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Find the quotient and remainder when $x^6+x^3+1$ is divided by $x+1$

Let $f(x)=x^6+x^3+1$
Now $f(x)=(x+1).q(x) +R $ where r is remainder Now putting $x=-1$ we get $R=f(-1)$ i.e $R=1-1+1=1$ Now $q(x)=(x^6+x^3)/(x+1)$ But what I want to know if there is another way to get the quotient except simple division.

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  • $\begingroup$ There's synthetic division as well, but you do have to divide. $\endgroup$
    – Paul
    Jul 11 '18 at 14:09
  • $\begingroup$ Are you familiar with "synthetic division"? It simplifies the outright division of polynomials (Euclidean algorithm) when the divisor is a monic first degree polynomial. $\endgroup$
    – hardmath
    Jul 11 '18 at 14:10
  • $\begingroup$ Yes I am familiar with synthetic division $\endgroup$
    – John757
    Jul 11 '18 at 14:12
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$$f(x)=x^6+x^3+1= x^6 +x^5 -x^5 +x^3+1\\ = x^5(x+1) -x^5-x^4+x^4+x^3+1 \\=x^5(x+1)-x^4(x+1)+x^3(x+1)+1\\= (x+1)(x^5-x^4+x^3)+1$$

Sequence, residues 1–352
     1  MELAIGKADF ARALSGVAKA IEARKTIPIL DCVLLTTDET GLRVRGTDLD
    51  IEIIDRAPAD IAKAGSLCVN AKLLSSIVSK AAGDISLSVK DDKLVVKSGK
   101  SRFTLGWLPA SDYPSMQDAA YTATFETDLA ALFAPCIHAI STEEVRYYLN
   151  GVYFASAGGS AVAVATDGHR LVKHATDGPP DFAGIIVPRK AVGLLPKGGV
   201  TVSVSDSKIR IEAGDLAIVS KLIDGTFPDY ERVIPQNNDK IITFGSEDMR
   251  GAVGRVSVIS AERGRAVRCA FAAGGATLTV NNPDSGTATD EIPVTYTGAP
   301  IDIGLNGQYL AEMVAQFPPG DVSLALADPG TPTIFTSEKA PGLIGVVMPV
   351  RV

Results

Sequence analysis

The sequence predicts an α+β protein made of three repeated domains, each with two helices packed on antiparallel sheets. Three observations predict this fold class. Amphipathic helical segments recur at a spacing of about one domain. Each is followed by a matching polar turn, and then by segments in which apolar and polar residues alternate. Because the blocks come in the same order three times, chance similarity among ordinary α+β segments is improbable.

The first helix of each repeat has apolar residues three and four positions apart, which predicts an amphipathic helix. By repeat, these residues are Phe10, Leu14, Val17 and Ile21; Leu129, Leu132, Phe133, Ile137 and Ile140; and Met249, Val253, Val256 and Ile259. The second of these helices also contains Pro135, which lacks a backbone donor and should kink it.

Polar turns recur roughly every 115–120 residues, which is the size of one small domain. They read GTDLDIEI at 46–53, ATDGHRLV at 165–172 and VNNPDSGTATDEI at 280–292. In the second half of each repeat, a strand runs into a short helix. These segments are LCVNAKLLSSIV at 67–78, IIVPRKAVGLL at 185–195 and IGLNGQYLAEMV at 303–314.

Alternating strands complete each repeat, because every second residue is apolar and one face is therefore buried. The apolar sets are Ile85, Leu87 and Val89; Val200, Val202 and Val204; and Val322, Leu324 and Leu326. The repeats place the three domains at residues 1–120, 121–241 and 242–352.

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You're on the right track: $$ x^6+x^3=x^3(x^3+1)=x^3(x+1)(x^2-x+1) $$ Therefore $$ q(x)=(x^6+x^3)/(x+1)=x^3(x^2-x+1)=x^5-x^4+x^3 $$

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In this precise case, you can notice that $x^3$ is an obvious factor. You are left with: $(x^3+1)/(x+1)$ Using the remarkable identity $A^n-B^n=(A-B)(A^{n-1}+A^{n-2}B+...+B^{n-1})$ with $A=x$ and $B=-1$ gives $q(x)=x^3(x^2-x+1)$

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  • $\begingroup$ Sorry, but $x^3$ is "an obvious factor" of what? Certainly not of $f(x)$ in this problem. Likely you have in mind that $x^3$ is a factor of $q(x)$ relatively prime to the "divisor" $x+1$, and can thus be removed to simplify the calculation. $\endgroup$
    – hardmath
    Jul 16 '18 at 5:04
  • $\begingroup$ an obvious factor of $f(x)-1$: The OP as very smartly proved that the remainder is $1$, so you just have to divide $f(x)-1$ by $x+1$. $\endgroup$ Jul 16 '18 at 7:48
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$$x^6+x^3+1=(x+1)(x^5-x^4+x^3)+1.$$

You may apply so-call long division method.

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